Wednesday, January 29, 2020

"A breath of springtime as the autumn winds blow"

Michael Dirda on re-reading (which he doesn't do very much):
...[S]ome folks discover the secret to thwarting the meretricious allure of the evanescently contemporary. Instead of picking up new books, they go back to old favorites. There are people who every year reread The Lord of the Rings or Jane Austen’s six novels or the complete adventures of Sherlock Holmes or all the plays of Shakespeare. My favorite college professor reread Madame Bovary whenever he taught the novel, which was essentially every year for three decades. He said that each time he found something new in it. Oscar Wilde contended that if a book wasn’t worth reading over and over again, it wasn’t worth reading at all. ....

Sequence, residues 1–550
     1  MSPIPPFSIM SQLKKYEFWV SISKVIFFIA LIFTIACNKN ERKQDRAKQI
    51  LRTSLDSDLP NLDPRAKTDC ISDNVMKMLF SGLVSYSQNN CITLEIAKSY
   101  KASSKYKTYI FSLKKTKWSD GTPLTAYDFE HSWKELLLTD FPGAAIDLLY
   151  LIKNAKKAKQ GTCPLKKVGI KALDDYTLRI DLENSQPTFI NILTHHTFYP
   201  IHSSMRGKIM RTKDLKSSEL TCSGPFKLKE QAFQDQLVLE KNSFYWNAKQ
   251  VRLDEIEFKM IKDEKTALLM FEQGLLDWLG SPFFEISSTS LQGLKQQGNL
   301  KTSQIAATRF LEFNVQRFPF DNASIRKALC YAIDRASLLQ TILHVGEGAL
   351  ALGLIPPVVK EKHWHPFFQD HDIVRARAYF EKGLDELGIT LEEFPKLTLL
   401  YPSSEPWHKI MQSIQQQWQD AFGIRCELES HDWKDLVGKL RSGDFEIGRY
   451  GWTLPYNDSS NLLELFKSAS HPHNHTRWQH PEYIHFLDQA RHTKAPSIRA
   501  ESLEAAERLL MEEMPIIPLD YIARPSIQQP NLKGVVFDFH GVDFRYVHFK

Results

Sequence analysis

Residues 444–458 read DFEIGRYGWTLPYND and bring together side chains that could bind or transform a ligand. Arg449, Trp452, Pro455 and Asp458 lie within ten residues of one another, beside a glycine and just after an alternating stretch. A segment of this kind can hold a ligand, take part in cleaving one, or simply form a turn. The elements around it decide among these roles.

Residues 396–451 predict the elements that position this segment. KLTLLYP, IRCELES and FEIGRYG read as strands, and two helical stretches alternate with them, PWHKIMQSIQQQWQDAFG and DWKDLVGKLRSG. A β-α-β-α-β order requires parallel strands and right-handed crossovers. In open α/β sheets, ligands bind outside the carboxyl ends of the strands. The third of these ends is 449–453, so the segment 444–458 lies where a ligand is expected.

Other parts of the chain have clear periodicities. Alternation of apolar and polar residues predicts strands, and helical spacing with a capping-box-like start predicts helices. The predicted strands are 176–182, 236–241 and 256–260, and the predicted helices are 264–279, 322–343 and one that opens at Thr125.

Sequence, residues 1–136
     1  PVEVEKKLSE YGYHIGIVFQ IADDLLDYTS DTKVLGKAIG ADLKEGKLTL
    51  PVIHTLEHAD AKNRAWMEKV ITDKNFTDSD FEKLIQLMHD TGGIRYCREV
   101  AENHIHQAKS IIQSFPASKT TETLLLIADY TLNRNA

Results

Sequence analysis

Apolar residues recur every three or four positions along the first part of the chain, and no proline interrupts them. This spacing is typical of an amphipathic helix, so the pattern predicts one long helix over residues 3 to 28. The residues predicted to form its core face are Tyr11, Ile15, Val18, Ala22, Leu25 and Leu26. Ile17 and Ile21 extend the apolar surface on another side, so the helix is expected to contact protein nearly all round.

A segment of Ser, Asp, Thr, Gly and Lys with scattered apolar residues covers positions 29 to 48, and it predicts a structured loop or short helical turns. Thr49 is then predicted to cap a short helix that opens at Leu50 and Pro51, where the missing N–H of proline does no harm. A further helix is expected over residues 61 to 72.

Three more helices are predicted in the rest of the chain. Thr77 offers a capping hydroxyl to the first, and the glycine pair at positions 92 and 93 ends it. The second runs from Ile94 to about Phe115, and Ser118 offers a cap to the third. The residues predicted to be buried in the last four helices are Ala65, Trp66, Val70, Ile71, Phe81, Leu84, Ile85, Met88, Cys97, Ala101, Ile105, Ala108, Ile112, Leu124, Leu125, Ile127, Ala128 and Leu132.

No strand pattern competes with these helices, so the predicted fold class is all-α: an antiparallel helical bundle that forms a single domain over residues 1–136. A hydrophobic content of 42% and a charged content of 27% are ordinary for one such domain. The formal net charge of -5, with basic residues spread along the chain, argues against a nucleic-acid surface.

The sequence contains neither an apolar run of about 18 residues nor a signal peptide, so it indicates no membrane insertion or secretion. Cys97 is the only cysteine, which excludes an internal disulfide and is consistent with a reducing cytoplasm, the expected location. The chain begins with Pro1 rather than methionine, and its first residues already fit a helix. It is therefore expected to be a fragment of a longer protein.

One sure sign that a reader has reached old age is that he or she loses interest in new fiction. Seen it all. Been there, done that. It’s then that people nearly always do return to the books they loved when young, hoping for a breath of springtime as the autumn winds blow. And if they aren’t rereading Treasure Island or The Secret Garden? Then it’s likely to be the Bible, Plato’s dialogues or Montaigne’s essays because these inexhaustible classics address nothing less than the meaning of life, which really means, of course, the meaning of our own lives.

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